Griffin Coal

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Griffin Coal operates two major coal mines, the Muja Mine and the Ewington Mine. (The latter is also referred to as the "Ewington 1 & 2 Mines"). The company has also proposed the development of the Muja South mine. Griffin Coal is owned by the Indian company, Lanco Infratech. Until early 2011 Griffin Coal was a subsidiary of the Griffin Group, a major Western Australian company. However, following the collapse of the Griffin Group in early 2010, the administrators sold the coal division off.

Financial collapse and ownership changes

In January 2010 the Griffin Coal company was put into administration after failing to meet a deadline for payments to bondholders and the Australian Taxation Office on its $700 million on debts.[1][2]

In December 2010 it was announced that Lanco Infratech Ltd’s bought the Griffin Coal Mining Co. Pty Ltd’s coal mines in Western Australia.[3] When the sale was completed in March 2011 it was revealed that Lanco had bought the mining assets for A$750 million.. At the time it was reported that "Lanco plans to boost almost four-fold to over 15 million tonnes per annum, in addition to adding rail linkages, and expanding facilities at Bunbury port." The coal, aside from that produced domestically, would be exported to feed Lanco's proposed major increase in coal-fired power plants it owns and operates in India.[4]

In an interview on Lanco's website, the company's chief executive, L. Madhusudhan Rao, stated that "Fuel security is the biggest concern today. We think acquisition of Australia's Griffin Coal was a right move. It can meet our requirements for the next seven to eight years."[5]

Coal contract disputes

Shortly after the Griffin Coal sale the administrators also sold the Griffin Group's subsidiary, Griffin Power, to Kansai Electric Power and Sumitomo Corporation.[6]

Soon after Lanco took control of Griffin Coal, the company's relationship with its two largest customers soured. In late June 2011 fertiliser manufacturer Perdaman Industries lodged a claim in the Supreme Court of Western Australia for $3.5 billion against Lanco. Perdaman claimed that financing for its proposed $3.5 billion coal-to-urea plant collapsed after Lanco sought substantial price increases for the supply of coal.[5] Perdaman have also served writs on Lanco's executive chairman and major shareholder Lagadapati Madhusudhan Rao and the company's chief executive of business development, Prasad Kandimalla as they emerged from a meeting with the West Australian Premier, Colin Barnett.[7]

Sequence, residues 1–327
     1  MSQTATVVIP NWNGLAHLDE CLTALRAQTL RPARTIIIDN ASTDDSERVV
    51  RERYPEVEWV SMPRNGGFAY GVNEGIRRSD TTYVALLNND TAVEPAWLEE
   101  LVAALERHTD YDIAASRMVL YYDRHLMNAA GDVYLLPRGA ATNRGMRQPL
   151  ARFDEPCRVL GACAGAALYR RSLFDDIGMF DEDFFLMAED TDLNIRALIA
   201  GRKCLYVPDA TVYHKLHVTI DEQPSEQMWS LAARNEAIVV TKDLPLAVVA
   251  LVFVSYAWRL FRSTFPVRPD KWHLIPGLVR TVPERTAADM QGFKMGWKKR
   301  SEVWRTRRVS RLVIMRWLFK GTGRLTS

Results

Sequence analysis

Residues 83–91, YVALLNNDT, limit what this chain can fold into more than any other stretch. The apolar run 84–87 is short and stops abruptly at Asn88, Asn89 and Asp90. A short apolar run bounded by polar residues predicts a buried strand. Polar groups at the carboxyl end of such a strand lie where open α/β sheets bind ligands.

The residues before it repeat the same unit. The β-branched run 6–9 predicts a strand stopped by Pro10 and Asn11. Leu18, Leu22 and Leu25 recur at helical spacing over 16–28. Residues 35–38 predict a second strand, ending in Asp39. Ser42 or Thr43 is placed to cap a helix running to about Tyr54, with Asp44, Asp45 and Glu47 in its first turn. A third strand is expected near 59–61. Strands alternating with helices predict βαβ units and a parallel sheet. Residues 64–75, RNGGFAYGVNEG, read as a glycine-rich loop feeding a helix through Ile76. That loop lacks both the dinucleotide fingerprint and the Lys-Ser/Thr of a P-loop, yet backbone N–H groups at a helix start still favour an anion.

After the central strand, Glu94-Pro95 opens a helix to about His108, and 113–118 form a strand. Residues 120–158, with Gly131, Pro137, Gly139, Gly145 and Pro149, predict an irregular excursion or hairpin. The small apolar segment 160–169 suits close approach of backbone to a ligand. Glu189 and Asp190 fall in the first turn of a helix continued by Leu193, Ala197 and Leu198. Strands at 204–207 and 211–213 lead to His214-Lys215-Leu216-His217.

Lanco also sought to renegotiate the coal supply contract to Griffin Energy for the Bluewaters Power Station which supplies approximately 10% of the state's electricity. In May 2011 Lanco warned that the continued sale of coal under the terms of the contract "may not be financially sustainable in their present form".[8]

The risk that Lanco would refuse to supply coal at the old contract price drew criticism from the Western Australian Premier, Colin Barnett. Barnett wrote to the company stating that he expected the company to honour the existing contracts. "It seems to me now they want to walk away from the contracts they purchased as part of that deal and the obligations to supply coal," he told Fairfax Radio. "I contacted them and made it very clear we expected the contracts to be honoured, and we have made it clear we expect them to behave as a good corporate citizen, and I'm sure they will do that."[9]

"They went in eyes wide open so we expected them to do their proper due diligence on the coal, the asset and also the contracts that Griffin had," Mr Barnett said.[9]

The dispute over the coal supply contract for the Bluewaters power station led to the delay in the completion of the sale of Griffin Energy's power stations. In early July 2011 the administrator of Griffin Group, KordaMentha, stated that the finalisation of the sale had been pushed back to September 30. However, the firm's Brian McMaster stated that "finalising the sale is contingent on implementing an appropriate resolution to the coal supply threat".[8]